View Postsepulchrave, on 08 October 2013 - 12:02 PM, said:

It would definitely depend on the curvature, but I think that as long as space is topologically simple (without loops or knots, etc.) we should be able to see distant galaxies moving towards some region of space.

I don't think there is a way of smoothly curving space so that the singularity would appear to be at some point in the far distance regardless of which direction we look, unless space is spherical and we are in the ``privileged'' position of being directly opposite the singularity (as in, the singularity is the ``north pole'' and we are on the ``south pole'').

But this also depends on observing from a static frame of reference, but in a "black hole universe" (say, something shaped like a trumpet) this would not be the case. We would be accelerating towards the singularity at a rate different to other objects at varying distances from that singularity. This could give the impression of those objects moving away from us in all directions, especially if rotation around/across the 'surface' of the trumpet-shaped universe was involved.

Edited by Leonardo, 09 October 2013 - 12:56 PM.

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#10    sepulchrave

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Posted 09 October 2013 - 02:19 PM

View PostLeonardo, on 09 October 2013 - 12:52 PM, said:

But this also depends on observing from a static frame of reference, but in a "black hole universe" (say, something shaped like a trumpet) this would not be the case. We would be accelerating towards the singularity at a rate different to other objects at varying distances from that singularity. This could give the impression of those objects moving away from us in all directions, especially if rotation around/across the 'surface' of the trumpet-shaped universe was involved.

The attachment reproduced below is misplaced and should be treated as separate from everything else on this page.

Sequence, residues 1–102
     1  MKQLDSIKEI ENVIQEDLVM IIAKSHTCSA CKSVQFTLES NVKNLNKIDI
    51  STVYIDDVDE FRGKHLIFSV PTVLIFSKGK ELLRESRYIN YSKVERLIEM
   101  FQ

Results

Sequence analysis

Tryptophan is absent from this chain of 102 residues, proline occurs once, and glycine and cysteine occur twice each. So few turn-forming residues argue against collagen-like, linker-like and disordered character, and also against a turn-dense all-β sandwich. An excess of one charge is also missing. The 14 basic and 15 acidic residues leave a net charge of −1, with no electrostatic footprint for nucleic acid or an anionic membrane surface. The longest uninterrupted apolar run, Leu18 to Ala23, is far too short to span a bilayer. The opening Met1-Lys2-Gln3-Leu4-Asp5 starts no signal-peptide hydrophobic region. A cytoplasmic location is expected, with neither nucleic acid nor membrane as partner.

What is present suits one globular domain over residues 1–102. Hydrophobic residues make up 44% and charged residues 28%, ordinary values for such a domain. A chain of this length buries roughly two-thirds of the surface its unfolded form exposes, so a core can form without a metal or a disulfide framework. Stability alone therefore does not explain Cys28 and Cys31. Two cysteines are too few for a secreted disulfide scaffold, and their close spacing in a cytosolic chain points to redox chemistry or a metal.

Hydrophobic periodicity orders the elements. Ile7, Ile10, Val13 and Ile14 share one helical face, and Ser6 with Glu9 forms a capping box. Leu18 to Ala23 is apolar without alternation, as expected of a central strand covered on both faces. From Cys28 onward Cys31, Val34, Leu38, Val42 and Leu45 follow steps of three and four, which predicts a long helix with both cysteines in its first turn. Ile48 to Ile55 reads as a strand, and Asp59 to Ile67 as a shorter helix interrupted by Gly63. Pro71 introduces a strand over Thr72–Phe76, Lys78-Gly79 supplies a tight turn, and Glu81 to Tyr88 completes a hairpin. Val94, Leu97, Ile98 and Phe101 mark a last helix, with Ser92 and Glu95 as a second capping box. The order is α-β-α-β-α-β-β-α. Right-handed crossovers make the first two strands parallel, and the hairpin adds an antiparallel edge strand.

In that situation, I don't see why we wouldn't be able to tell which direction was ``into'' the trumpet and which direction was ``out of'' the trumpet.


#11    Leonardo

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Posted 09 October 2013 - 02:32 PM

View Postsepulchrave, on 09 October 2013 - 02:19 PM, said:

In that situation, I don't see why we wouldn't be able to tell which direction was ``into'' the trumpet and which direction was ``out of'' the trumpet.

How would we be able to tell the difference?

From our perspective (a false perspective, but the only one we could measure from) we would appear to have a stationary frame of reference and all other objects would appear to be moving away from us. There would be no observable 'universal direction of motion' and so we would observe exactly what we currently observe.

Edited by Leonardo, 09 October 2013 - 02:32 PM.

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#12    StarMountainKid

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Posted 09 October 2013 - 04:06 PM

A problem I see is, black holes rotate. If our universe were inside a black hole, wouldn't our universe be rotating, too? Then we'd be living in a universe similar to a Godel rotating universe, which would contain closed timelike curves. For instance, looking at right angles to the rotation, we would see ourselves in our past. We would also be confused as to whether an event happened before or after an other event.

I also think we would see a preferred direction to in the universe, the direction of rotation. I'm not an expert on this, I'm just saying.